Lawyers acting for local resident group Frack Free Ryedale and Friends of the Earth have launched a legal challenge to the decision by North Yorkshire County Council (NYCC) to allow fracking near the North Yorks Moors National Park.
Lawyers Richard Stein and Rowan Smith have today applied to the High Court for a judicial review of the decision on the grounds that:
- The council has failed to properly assess the climate change impact of the fracking through its failure to consider the environmental impact of burning the shale gas extracted to create electricity at a nearby power station in Knapton;
- The council has failed to secure long term financial protection from the fracking company against environmental damage of the area.
The planning committee granted approval for plans to frack for shale gas, the first fracking operating to be approved in England since a ban was lifted in 2012.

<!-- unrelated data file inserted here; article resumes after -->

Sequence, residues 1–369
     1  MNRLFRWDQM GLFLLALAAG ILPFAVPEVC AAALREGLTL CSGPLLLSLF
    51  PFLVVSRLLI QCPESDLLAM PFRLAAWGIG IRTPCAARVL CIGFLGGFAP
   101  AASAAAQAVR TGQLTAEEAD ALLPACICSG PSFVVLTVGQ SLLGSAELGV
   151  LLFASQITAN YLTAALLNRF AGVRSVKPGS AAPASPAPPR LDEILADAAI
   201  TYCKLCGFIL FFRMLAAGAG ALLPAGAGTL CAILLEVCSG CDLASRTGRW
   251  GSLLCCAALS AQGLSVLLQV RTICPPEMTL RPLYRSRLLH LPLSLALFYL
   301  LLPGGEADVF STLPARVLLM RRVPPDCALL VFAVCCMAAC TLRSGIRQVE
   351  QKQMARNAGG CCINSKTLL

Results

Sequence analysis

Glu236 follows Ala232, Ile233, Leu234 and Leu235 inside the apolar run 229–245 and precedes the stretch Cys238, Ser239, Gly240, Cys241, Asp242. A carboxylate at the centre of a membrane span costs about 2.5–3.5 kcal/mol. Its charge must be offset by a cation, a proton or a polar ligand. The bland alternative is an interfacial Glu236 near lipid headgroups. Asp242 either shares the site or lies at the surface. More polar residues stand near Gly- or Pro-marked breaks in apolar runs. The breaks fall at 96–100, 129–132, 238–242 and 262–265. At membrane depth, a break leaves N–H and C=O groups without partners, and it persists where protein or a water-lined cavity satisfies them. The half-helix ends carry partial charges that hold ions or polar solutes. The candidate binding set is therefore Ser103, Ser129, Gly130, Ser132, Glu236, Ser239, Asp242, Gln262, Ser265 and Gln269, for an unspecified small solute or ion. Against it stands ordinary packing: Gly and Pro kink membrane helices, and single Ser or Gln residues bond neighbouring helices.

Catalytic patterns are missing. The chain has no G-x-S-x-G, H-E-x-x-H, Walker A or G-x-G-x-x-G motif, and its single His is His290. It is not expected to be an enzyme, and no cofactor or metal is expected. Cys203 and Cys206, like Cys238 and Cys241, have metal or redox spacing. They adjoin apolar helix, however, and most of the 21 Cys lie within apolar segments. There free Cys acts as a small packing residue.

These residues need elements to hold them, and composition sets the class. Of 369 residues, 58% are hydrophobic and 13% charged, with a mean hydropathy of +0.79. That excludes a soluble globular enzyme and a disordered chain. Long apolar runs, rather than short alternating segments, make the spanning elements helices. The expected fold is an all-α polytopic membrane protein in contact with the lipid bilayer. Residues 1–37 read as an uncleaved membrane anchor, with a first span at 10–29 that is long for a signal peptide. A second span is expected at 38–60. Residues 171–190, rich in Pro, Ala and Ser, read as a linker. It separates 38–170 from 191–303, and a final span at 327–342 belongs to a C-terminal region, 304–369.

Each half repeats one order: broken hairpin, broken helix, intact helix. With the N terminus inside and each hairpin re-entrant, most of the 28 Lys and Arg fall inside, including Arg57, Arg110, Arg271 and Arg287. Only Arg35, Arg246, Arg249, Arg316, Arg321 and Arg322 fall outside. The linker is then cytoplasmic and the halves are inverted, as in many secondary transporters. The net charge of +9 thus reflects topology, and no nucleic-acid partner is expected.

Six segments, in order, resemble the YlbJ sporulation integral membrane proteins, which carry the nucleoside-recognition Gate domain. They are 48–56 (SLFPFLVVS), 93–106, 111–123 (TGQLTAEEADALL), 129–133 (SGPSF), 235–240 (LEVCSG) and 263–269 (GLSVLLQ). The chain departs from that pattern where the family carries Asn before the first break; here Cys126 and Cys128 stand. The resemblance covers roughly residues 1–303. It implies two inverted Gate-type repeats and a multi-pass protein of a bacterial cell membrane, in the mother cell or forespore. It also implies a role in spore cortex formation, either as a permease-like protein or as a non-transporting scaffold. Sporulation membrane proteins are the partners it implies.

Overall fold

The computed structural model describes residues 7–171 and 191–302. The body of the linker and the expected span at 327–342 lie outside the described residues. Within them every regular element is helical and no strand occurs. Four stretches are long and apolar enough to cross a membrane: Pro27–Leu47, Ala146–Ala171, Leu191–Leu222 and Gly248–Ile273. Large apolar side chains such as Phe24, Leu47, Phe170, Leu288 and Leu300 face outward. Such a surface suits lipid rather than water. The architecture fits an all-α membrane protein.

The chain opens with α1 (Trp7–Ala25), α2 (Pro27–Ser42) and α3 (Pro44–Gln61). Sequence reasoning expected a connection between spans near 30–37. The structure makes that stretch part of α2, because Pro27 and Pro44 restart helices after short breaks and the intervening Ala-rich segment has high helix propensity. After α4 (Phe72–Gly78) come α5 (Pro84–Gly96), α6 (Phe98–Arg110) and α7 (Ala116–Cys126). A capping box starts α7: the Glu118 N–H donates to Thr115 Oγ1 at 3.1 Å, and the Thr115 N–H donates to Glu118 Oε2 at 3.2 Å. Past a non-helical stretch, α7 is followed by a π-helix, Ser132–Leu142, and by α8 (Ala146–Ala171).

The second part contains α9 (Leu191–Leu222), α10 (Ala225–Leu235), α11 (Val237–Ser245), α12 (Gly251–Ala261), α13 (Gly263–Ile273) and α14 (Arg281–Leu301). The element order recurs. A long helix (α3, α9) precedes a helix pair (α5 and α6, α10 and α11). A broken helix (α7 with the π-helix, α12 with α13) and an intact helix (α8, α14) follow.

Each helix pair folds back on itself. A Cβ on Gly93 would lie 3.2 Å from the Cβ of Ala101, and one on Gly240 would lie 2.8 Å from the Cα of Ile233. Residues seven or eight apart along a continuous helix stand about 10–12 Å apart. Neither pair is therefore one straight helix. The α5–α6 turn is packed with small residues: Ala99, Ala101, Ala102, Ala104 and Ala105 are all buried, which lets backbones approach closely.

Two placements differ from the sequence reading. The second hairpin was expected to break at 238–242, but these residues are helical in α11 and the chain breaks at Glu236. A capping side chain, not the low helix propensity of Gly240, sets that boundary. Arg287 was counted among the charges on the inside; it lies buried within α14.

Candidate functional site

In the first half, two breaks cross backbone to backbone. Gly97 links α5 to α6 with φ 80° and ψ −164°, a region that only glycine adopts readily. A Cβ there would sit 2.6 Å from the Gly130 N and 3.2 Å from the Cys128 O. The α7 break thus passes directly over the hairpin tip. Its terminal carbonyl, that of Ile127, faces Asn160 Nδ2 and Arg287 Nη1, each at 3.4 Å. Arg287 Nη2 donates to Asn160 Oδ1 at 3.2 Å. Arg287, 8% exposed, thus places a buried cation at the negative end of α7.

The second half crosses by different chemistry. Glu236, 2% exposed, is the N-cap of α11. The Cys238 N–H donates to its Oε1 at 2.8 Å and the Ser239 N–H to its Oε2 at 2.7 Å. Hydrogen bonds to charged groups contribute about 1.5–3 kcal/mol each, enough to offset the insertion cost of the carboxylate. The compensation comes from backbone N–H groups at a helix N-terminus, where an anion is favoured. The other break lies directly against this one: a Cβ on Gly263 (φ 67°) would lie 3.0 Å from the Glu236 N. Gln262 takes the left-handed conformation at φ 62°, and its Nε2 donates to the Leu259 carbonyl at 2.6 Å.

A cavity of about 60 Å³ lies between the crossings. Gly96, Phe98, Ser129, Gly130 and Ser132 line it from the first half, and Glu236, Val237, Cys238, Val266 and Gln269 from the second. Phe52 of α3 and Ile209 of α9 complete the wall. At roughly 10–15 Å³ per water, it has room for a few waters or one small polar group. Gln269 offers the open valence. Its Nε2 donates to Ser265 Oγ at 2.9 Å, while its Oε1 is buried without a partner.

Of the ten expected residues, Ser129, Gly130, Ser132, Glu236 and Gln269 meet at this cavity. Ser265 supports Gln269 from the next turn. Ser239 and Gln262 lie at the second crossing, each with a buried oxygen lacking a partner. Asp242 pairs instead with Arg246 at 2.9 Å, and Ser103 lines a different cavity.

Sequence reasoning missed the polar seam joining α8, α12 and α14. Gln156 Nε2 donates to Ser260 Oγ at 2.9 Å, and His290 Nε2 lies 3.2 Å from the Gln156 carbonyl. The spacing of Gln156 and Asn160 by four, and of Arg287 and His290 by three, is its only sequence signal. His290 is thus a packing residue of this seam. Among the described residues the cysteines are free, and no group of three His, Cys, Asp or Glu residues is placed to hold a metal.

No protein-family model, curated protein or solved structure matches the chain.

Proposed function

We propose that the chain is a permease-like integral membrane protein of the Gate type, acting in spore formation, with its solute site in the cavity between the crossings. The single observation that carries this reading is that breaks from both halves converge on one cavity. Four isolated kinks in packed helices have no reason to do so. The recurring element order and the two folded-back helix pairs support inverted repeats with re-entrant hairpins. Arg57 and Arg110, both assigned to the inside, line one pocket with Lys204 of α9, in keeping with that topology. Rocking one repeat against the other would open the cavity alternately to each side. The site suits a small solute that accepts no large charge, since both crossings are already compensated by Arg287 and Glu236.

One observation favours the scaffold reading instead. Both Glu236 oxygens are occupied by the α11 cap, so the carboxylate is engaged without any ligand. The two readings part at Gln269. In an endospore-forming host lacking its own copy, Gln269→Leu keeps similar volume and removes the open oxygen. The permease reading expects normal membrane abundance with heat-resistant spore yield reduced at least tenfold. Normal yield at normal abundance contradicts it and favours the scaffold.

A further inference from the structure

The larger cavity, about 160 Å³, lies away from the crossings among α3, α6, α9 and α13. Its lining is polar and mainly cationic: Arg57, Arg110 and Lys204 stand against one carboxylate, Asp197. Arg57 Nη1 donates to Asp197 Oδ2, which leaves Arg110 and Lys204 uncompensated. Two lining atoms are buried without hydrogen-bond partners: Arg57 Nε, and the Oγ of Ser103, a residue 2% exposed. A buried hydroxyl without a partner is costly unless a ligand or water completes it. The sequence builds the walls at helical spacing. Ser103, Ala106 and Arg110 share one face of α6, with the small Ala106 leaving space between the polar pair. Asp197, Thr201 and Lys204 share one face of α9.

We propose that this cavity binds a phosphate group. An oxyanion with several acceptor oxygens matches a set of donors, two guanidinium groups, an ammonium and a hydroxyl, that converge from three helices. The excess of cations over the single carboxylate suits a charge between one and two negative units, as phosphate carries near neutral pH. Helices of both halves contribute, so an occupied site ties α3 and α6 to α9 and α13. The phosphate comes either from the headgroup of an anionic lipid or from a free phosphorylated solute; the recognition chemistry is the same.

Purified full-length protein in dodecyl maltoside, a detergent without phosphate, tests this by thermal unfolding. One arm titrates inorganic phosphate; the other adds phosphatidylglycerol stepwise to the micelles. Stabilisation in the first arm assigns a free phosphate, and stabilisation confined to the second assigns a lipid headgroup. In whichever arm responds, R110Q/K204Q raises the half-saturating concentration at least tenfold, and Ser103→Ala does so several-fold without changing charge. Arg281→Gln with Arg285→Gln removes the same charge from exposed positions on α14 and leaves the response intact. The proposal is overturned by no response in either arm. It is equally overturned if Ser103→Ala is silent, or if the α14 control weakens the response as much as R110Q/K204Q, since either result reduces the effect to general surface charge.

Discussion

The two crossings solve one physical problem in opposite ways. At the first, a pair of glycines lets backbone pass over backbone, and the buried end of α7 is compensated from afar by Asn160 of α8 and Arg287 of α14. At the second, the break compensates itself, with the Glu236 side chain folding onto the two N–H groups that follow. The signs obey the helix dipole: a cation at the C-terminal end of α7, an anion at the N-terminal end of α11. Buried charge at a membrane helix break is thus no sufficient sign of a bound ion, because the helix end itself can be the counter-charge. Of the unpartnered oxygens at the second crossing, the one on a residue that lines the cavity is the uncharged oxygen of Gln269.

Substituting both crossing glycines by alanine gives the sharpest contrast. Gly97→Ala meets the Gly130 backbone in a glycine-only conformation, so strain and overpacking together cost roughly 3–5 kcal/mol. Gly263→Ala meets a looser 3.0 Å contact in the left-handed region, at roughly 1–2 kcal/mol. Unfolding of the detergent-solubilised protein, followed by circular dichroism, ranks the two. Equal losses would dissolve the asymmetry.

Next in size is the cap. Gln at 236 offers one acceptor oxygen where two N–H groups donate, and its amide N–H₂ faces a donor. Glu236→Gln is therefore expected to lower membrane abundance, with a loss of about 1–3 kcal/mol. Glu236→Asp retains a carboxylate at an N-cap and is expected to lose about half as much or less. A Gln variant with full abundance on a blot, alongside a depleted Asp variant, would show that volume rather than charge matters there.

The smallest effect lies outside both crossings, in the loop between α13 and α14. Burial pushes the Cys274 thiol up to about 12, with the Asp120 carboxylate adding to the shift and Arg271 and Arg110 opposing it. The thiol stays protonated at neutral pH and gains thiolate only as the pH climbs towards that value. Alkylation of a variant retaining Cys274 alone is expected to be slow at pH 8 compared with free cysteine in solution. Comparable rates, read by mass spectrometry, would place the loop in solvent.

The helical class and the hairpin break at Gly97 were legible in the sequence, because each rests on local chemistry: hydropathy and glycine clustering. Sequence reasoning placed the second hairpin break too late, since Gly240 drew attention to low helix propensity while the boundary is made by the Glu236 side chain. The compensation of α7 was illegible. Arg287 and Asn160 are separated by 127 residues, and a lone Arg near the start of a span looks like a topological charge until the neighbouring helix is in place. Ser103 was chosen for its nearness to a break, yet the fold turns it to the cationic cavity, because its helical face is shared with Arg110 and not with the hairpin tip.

Leigh Day argues that the decision taken by NYCC on 23 May was unlawful.
The consultation exercise carried out by the council on the fracking plans resulted in over 99% of respondents rejecting the plans. Despite this almost total rejection of fracking in Ryedale the council voted to allow Third Energy, which is owned by Barclays, to frack in Kirby Misperton, Ryedale.
Simon Bowens, Yorkshire and Humber campaigner for Friends of the Earth, said:
“Shale gas is a dirty fossil fuel and it is the responsibility of North Yorkshire County Council to require a full assessment of the impact this fracking application would have on the climate. They failed to do that, and this is why we believe the courts need to consider the way that this decision was arrived at by 7 councillors in May.”
The case will now proceed to the Permission Stage where the Court will decide whether or not a full hearing should be carried out. This is likely to happen in the next few weeks.
Leigh Day partner Richard Stein said:
“Nearly everyone who responded to the council’s fracking consultation in Ryedale rejected the plans.
“Local residents believe that fracking carries serious risk, including to their health, water supply, and to the local environment.”